Your magazine has been losing its edge, and this has made me very sad. For many years as a subscriber, I have always looked to America as a magazine that presented honest, bold dialogue on many issues facing our church as well as overall society. However, my spirits were slightly elevated upon reading the excellent articles in your Dec. 5 issue, which dealt with Vatican II: The Council at 40, by Gerald O’Collins, S.J., and Joy and Hope, Grief and Anguish, by David Hollenbach, S.J. Both articles provided clear assessments of what this great council accomplished as well as examples of the events/style of leadership over the years that have stymied the great potential of these documents. Please keep these types of articles coming back!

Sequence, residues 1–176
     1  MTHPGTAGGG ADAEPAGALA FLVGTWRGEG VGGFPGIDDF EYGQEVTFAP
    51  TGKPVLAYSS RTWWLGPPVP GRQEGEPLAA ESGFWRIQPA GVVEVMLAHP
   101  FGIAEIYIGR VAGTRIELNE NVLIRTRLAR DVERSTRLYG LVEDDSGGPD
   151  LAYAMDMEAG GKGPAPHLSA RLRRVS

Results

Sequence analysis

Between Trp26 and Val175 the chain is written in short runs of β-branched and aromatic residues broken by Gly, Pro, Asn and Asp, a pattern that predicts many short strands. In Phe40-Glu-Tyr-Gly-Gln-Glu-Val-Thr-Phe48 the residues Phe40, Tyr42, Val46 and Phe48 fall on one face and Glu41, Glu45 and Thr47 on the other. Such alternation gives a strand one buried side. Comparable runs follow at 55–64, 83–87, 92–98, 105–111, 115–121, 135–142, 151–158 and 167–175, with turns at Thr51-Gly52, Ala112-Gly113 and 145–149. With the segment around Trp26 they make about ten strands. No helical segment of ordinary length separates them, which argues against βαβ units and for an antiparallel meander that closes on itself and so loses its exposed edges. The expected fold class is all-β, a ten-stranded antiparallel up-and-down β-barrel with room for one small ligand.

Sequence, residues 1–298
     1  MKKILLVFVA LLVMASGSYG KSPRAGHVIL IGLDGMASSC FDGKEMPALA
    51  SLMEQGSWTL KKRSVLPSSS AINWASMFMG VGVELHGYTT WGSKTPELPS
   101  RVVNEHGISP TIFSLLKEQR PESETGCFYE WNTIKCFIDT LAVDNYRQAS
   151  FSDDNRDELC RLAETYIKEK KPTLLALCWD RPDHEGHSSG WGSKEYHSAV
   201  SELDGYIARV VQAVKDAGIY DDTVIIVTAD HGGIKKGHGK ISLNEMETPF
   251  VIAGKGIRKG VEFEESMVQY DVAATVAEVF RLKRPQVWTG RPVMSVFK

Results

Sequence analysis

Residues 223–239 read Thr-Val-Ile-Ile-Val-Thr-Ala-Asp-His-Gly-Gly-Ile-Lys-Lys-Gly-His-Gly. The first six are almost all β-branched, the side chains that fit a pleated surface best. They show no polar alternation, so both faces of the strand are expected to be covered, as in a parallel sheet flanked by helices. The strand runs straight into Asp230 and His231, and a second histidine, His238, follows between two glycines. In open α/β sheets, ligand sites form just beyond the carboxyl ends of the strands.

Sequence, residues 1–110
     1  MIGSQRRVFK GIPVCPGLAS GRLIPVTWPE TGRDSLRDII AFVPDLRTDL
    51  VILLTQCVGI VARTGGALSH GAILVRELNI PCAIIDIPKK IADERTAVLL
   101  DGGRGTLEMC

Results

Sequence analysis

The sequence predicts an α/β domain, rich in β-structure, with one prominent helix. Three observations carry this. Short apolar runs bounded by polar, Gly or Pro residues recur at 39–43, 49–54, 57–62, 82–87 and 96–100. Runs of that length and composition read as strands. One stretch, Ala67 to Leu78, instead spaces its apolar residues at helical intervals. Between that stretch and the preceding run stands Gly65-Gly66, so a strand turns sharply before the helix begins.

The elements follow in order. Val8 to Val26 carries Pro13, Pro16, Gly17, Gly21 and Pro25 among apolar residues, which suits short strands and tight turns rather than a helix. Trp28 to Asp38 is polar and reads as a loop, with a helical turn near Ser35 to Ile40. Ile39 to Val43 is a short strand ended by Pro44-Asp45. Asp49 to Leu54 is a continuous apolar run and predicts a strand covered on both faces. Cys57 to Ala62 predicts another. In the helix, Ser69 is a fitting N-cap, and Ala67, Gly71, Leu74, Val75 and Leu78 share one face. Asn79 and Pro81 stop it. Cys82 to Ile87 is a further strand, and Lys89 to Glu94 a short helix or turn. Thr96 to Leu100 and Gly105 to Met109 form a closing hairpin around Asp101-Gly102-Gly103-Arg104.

Bradley Leger
Estherwood, La.


I would hope that America could write about the chasm between broad-spectrum encyclical Catholicism and born-againism. The letter from George Stapleton on evangelism of presence (11/28) prompted me to reflect on the divergence between those who believe in sola fide/sola scriptura and those who read Scripture and subscribe to the concept that faith without works has a more complex, yet profound understanding concerning our salvation.

Faith is the debatable crucible. Those who subscribe to the concept of literal faith in Jesus Christ find it syncretic to agree that there is any salvation outside a personal acceptance of Jesus Christ. Broad-spectrum encyclical Catholics believe that faith and works are integrally related, and as long as there is no direct denial of Jesus Christ, salvation is available to Muslims, Hindus, Jews, etc. We do not accept the concept that the road to hell is paved with good intentions. When we say that the way to the Father is through Jesus, we believe that the Verbum Dei/verbum dei is not limited to a literal conception.